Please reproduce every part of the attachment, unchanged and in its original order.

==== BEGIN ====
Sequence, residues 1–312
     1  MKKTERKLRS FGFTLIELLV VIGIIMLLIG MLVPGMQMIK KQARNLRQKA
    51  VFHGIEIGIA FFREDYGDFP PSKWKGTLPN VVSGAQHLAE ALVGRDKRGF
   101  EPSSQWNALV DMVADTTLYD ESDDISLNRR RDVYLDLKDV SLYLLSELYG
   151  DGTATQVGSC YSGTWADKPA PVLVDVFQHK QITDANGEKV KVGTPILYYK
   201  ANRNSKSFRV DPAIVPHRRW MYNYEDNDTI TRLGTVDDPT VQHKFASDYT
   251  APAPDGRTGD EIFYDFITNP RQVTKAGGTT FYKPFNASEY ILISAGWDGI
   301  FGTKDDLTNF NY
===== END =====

Sequence, residues 1–312
     1  MKKTERKLRS FGFTLIELLV VIGIIMLLIG MLVPGMQMIK KQARNLRQKA
    51  VFHGIEIGIA FFREDYGDFP PSKWKGTLPN VVSGAQHLAE ALVGRDKRGF
   101  EPSSQWNALV DMVADTTLYD ESDDISLNRR RDVYLDLKDV SLYLLSELYG
   151  DGTATQVGSC YSGTWADKPA PVLVDVFQHK QITDANGEKV KVGTPILYYK
   201  ANRNSKSFRV DPAIVPHRRW MYNYEDNDTI TRLGTVDDPT VQHKFASDYT
   251  APAPDGRTGD EIFYDFITNP RQVTKAGGTT FYKPFNASEY ILISAGWDGI
   301  FGTKDDLTNF NY